Chart of the day: The message of the medium

From Tivo Research, partisan televisual preferences:


Headlines of the day II: Medium sends a message

Back in June, the Trump campaign banned the Washington Post from covering campaign events, but that seems to have backfired, judging from this screencap from the paper’s homepage as we write showing links to their top four op-ed posts:

BLOG Trump

Mexican NGO created to save journalists

A Mexican non-profit has been launched to protext one of the nation’s endangered species — its own journalists.

It’s a job Mexico’s government has been unwilling — or worse — to provide.

The story from Agence France Presse:

When photojournalist Ruben Espinosa felt harassed by the authorities in eastern Mexico, he fled to the capital. Without protection, he was shot dead in a case still unsolved a year later.

Now, a group of journalists is about to open a secret shelter in Mexico City to protect colleagues like Espinosa in one of the most dangerous countries in the world to be a reporter.

“It’s a house where we want them to have food, with all the basic services, where they are safe and they have psychological help,” Judith Calderon, president of the House of Rights of Journalists, told AFP.

Journalists who face threats can request government protection in Mexico, but the hideout will give another option for those who don’t trust the authorities, who sometimes are the tormentors.

The organization refused to reveal the shelter’s location for security reasons, but said that it will be able to house a dozen people when it opens in the coming weeks.

The group already has a waiting list.

More from teleSUR English:

A recent report by Article 19 found that attacks on members of the press took place approximately every 22 hours, while another report by the organization found that 23 Mexican journalists had been forcibly disappeared since 2003.

Mexico is widely considered one of the most dangerous places for journalists. Often the threats come from individuals with ties to the state itself, leaving few options for those who fleeing for their lives.


Journalists often relied on informal networks when fleeing credible threats, choosing not to rely on government assistance due to mistrust of public officials.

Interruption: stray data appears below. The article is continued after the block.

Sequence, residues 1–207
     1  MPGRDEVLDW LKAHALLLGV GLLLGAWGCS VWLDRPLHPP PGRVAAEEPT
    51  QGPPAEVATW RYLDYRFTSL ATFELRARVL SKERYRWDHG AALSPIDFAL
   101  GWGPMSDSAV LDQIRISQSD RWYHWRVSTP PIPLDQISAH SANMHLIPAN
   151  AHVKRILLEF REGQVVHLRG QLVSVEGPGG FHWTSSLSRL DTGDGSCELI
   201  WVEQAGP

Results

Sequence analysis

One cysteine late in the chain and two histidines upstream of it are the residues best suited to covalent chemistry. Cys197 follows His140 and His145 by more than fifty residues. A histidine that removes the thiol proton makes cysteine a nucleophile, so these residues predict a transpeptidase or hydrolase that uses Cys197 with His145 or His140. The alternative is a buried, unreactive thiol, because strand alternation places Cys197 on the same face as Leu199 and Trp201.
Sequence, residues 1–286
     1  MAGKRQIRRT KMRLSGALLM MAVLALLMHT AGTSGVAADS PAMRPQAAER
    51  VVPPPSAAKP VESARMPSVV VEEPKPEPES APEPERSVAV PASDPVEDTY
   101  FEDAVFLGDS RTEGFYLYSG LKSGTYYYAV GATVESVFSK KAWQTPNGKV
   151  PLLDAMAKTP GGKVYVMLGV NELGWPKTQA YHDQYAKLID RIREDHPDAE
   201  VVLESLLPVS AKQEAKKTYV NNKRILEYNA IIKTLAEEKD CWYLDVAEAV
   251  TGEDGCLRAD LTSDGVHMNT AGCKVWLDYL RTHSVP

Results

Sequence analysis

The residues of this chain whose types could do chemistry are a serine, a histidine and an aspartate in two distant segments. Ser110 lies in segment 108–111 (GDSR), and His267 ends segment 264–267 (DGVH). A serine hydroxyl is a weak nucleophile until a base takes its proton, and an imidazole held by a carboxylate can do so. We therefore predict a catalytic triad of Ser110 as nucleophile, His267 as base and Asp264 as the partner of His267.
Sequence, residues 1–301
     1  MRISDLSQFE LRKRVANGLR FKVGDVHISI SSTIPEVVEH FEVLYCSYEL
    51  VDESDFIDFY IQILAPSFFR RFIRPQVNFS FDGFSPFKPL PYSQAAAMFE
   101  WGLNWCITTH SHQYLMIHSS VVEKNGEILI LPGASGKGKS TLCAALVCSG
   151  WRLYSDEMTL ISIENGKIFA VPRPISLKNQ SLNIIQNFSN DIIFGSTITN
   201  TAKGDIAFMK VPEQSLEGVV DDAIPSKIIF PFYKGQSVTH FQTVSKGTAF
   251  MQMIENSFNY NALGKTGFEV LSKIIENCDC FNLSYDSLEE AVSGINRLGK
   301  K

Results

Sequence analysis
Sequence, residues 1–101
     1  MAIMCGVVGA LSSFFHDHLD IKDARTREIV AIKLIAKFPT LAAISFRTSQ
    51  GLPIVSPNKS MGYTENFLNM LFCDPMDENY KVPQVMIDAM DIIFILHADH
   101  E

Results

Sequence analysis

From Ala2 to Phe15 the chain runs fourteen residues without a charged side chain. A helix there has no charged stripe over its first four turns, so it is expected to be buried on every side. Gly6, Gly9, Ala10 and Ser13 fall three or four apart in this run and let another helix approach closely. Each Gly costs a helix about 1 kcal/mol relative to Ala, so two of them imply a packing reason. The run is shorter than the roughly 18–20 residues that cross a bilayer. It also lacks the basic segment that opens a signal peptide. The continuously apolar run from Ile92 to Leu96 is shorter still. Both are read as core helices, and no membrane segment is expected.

The federal government created a special program to purportedly protect journalists, though results have left many wanting.

Mexican journalist Pedro Rosas Tamayo, who specialized in police reporting, was killed outside his home earlier this month, despite having state-sponsored protective measures.

In its report, Article 19 specifically criticized the Mexican Special Prosecutor for Attention to Crimes against Freedom of Expression, for having actually “fomented impunity,” rather than having help secure justice.

Steve Breen: The Donald, bombastic bombardier

From the editorial cartoonist of the San Diego Union-Tribune:

BLOG Breen

And on the subject of Trumpian bomb-dropping, from Politico:

Donald Trump suggested that his campaign may take away press credentials from The New York Times, his latest attack on the media over the course of his presidential campaign.

At a campaign event in Columbus, Ohio, Monday, the Republican presidential nominee called the Times’ coverage of him “very dishonest” and suggested adopting the same ban on the newspaper as he has on The Washington Post. Trump revoked the Post’s press credentials in June after the newspaper published an article critical of Trump’s statements about a mass shooting in Orlando, Florida.

“It’s gotten a little better,” he said about the Post’s coverage. “I should do it with the Times.”

Over the course of the election, Trump’s campaign has banned nearly two dozen news organizations from campaign events, including POLITICO, BuzzFeed, The Huffington Post, Univision and The Des Moines Register. The bans, which have been criticized on First Amendment grounds, have been enforced unevenly. Trump has told CNN that, if elected president, he would not interfere with the White House press credentialing process.